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In this file photo, City Hall stands in the background as police walk along Benjamin Franklin Parkway, Friday, Sept. 25, 2015, in Philadelphia.

February 24, 2016

Pa. ACLU to appeal ruling against First Amendment right to film police

In Philly cases, judge says plaintiffs needed 'critical' reason to record officers' activity

The ACLU of Pennsylvania is planning to appeal Friday's decision from a federal court which ruled a person has no First Amendment right to record police activity without a specific, critical reason for doing so.

The decision from Judge Mark A. Kearney of the U.S. District Court for the Eastern District of Pennsylvania ruled that without such a stated purpose challenging police activity, the First Amendment does not apply to filming or photographing on-duty police officers.

Mary Catherine Roper is deputy legal director for the ACLU of Pennsylvania and is representing the plaintiffs in the case, who both claim police retaliated against them for exercising their First Amendment Right during separate incidents in Philadelphia.

Interviewed Wednesday, Roper said the First Amendment protected the right to record police, no matter what someone intends to do with the recording.

"In this day and age, frankly, the ability to record police is such an important part of our move to ensure that our police are accountable," Roper said.

Thursday morning the ACLU-PA released a statement from its Executive Director Reggie Shuford about the "copwatch ruling," calling civilian video recordings of police "essential" to holding officers accountable for their actions. Shuford said.

"The freedom to monitor the police without fearing arrest or retaliation is one of the ways we distinguish a free society from a police state. Every court that has addressed this issue has ruled that the right to record the police performing their duties in public is at the core of what the First Amendment protects. Judge Kearney’s ruling is an outlier, and we intend to appeal it.”

A tweet from the ACLU-PA's account was more direct:

Roper made note of a 2011 memo from former Philadelphia Police Commissioner Charles Ramsey that said officers should expect the general public to record their activity.

The memo states officers shall not interfere with the public's right to do so or damage or confiscate devices used to record police activity, with the exception of an officer having probable cause to believe the video or photo contains evidence of a crime and is at risk of being destroyed.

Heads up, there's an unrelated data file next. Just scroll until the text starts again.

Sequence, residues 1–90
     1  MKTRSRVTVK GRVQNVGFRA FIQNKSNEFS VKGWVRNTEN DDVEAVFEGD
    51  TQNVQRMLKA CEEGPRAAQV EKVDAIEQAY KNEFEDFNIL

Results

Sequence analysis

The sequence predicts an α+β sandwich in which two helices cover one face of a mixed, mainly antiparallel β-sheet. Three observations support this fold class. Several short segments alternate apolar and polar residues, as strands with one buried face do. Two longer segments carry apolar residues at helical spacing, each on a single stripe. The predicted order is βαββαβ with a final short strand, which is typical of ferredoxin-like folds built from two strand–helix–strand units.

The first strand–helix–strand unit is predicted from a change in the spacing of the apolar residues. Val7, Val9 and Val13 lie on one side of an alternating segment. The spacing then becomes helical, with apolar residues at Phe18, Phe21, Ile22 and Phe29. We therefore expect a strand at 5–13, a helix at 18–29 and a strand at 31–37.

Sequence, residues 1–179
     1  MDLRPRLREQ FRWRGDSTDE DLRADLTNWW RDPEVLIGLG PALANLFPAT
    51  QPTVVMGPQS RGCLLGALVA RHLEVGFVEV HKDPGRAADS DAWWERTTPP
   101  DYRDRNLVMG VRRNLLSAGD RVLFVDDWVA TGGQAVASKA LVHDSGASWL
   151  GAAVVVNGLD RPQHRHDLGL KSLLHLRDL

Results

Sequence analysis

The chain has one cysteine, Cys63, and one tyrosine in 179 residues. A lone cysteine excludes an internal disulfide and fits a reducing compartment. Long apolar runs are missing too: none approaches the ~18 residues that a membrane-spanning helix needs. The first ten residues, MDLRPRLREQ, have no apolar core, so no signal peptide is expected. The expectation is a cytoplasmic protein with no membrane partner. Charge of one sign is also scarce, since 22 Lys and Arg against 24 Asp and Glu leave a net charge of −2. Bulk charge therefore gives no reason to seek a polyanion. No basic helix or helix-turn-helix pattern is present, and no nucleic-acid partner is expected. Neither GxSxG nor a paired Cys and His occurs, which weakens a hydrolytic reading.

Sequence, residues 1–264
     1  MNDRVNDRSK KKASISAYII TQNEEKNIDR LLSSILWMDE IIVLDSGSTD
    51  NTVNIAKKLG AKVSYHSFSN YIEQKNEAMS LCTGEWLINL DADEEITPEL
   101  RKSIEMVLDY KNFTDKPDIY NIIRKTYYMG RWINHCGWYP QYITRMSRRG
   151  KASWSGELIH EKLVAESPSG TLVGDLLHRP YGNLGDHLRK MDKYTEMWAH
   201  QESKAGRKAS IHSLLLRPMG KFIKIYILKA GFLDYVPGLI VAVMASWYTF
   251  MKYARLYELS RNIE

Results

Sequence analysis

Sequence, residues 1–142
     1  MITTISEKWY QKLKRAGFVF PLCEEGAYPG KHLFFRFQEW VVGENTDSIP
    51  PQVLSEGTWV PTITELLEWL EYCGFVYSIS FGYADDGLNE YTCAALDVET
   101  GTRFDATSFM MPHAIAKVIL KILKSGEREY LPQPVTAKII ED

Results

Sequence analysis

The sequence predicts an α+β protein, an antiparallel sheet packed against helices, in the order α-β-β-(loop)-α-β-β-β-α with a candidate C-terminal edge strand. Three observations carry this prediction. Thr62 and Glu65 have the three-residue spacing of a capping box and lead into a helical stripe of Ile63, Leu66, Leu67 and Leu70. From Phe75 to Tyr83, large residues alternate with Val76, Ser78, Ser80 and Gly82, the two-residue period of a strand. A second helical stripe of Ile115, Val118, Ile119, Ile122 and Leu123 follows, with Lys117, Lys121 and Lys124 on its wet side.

A spokesperson for the Philadelphia Police Department said Wednesday that policy was still in effect. However, the department did not immediately respond to a question as to whether the officers involved in the lawsuit had been disciplined in any way for allegedly violating the policy. 

The lawsuit filed against the city is a joint case concerning two incidents in Philadelphia that occurred after that policy was enacted in 2011.

In 2012, Amanda Geraci, a self-described "legal observer," was filming an environmental protest in the city. When she moved close to an officer arresting a protester, she said she was physically restrained by an officer and prevented from recording the arrest.

A year later, Richard Fields, then an undergraduate at Temple University, was recording about 20 police officers outside a house party on campus.

Fields refused to leave when asked by officers, who subsequently detained and handcuffed him, taking away his cell phone and putting him in the back of a police van. His reason for filming was that he "just thought that would make a great picture "

Judge Kearny ruled Friday that Geraci's claim of excessive force and Fields' claims of false arrest and unreasonable search can proceed to trial.

Kearney's decision does not address the argument of the officers – who claimed qualified immunity – or the city – which claimed a lack of supervisory liability – regarding the accusations.

Instead, he cited language from a 1984 U.S. Supreme Court ruling that concluded, "it is the obligation of the person desiring to engage in assertedly expressive conduct to demonstrate that the First Amendment even applies."

“We decline to create a new First Amendment right for citizens to photograph officers when they have no expressive purpose such as challenging police actions,” Kearney's decision said.

Roper said that while some U.S. Court of Appeals Circuits have made contradictory rulings to Kearney's, the Third Circuit Appeals Court – which would preside over the ACLU's appeal – has not made a previous decision on filming police in regard to First Amendment rights.

She did, however, express confidence in the ACLU's decision to fight Kearney's ruling.

"It's really hard to imagine a ruling in which this is not protected by the First Amendment," Roper said.

Assistant City Solicitor John Coyle, who is representing the city in the case, could not immediately be reached for comment late Wednesday afternoon.